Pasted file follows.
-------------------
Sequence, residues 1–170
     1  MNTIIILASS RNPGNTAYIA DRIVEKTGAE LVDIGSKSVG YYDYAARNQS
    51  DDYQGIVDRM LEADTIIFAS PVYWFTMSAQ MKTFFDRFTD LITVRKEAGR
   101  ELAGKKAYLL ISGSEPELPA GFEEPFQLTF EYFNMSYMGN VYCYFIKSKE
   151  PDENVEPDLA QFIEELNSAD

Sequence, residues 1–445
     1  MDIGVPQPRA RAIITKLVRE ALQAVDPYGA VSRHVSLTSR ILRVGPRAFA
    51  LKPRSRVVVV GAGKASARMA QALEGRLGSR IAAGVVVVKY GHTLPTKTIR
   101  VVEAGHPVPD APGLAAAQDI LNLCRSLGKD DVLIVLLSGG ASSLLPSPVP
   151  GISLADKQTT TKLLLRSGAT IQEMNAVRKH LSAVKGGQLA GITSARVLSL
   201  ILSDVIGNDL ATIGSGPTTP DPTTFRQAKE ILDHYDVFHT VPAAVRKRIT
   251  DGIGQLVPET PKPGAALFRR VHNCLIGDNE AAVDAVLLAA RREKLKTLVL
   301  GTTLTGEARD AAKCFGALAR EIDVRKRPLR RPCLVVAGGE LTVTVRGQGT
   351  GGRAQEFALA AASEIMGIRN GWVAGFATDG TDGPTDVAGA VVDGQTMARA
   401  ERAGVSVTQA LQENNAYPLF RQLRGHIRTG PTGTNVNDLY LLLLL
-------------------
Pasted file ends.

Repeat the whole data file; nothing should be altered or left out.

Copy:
Sequence, residues 1–170
     1  MNTIIILASS RNPGNTAYIA DRIVEKTGAE LVDIGSKSVG YYDYAARNQS
    51  DDYQGIVDRM LEADTIIFAS PVYWFTMSAQ MKTFFDRFTD LITVRKEAGR
   101  ELAGKKAYLL ISGSEPELPA GFEEPFQLTF EYFNMSYMGN VYCYFIKSKE
   151  PDENVEPDLA QFIEELNSAD

Sequence, residues 1–445
     1  MDIGVPQPRA RAIITKLVRE ALQAVDPYGA VSRHVSLTSR ILRVGPRAFA
    51  LKPRSRVVVV GAGKASARMA QALEGRLGSR IAAGVVVVKY GHTLPTKTIR
   101  VVEAGHPVPD APGLAAAQDI LNLCRSLGKD DVLIVLLSGG ASSLLPSPVP
   151  GISLADKQTT TKLLLRSGAT IQEMNAVRKH LSAVKGGQLA GITSARVLSL
   201  ILSDVIGNDL ATIGSGPTTP DPTTFRQAKE ILDHYDVFHT VPAAVRKRIT
   251  DGIGQLVPET PKPGAALFRR VHNCLIGDNE AAVDAVLLAA RREKLKTLVL
   301  GTTLTGEARD AAKCFGALAR EIDVRKRPLR RPCLVVAGGE LTVTVRGQGT
   351  GGRAQEFALA AASEIMGIRN GWVAGFATDG TDGPTDVAGA VVDGQTMARA
   401  ERAGVSVTQA LQENNAYPLF RQLRGHIRTG PTGTNVNDLY LLLLL